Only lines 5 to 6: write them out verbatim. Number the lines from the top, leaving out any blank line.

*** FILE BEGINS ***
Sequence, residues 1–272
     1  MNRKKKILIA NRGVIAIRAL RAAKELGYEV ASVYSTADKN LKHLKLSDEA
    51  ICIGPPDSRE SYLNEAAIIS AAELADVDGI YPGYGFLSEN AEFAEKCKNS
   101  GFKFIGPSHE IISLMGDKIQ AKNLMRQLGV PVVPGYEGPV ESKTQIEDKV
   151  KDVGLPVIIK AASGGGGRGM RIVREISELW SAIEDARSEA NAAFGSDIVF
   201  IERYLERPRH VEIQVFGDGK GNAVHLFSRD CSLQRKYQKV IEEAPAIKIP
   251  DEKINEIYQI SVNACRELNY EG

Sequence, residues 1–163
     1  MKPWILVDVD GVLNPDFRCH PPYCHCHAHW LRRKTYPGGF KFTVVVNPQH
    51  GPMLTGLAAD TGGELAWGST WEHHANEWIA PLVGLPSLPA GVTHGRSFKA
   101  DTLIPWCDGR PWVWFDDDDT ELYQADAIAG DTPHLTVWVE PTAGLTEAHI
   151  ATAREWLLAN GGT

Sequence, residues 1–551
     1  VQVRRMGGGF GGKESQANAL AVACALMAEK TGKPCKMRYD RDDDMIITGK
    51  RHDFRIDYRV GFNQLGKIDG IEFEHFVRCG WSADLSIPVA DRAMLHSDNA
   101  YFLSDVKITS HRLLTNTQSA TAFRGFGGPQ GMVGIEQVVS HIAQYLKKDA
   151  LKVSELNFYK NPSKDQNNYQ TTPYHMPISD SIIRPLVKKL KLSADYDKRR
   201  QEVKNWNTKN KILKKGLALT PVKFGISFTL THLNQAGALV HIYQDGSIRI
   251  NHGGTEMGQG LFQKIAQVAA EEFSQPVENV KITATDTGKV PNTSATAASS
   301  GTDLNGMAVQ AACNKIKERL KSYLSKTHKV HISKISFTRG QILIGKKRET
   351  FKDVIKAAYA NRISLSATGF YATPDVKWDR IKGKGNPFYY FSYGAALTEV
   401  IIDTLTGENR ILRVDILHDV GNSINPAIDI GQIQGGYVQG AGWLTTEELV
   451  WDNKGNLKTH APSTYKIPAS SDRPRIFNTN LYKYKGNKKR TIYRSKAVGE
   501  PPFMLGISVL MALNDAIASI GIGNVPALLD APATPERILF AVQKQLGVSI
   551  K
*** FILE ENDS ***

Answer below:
   151  KDVGLPVIIK AASGGGGRGM RIVREISELW SAIEDARSEA NAAFGSDIVF
   201  IERYLERPRH VEIQVFGDGK GNAVHLFSRD CSLQRKYQKV IEEAPAIKIP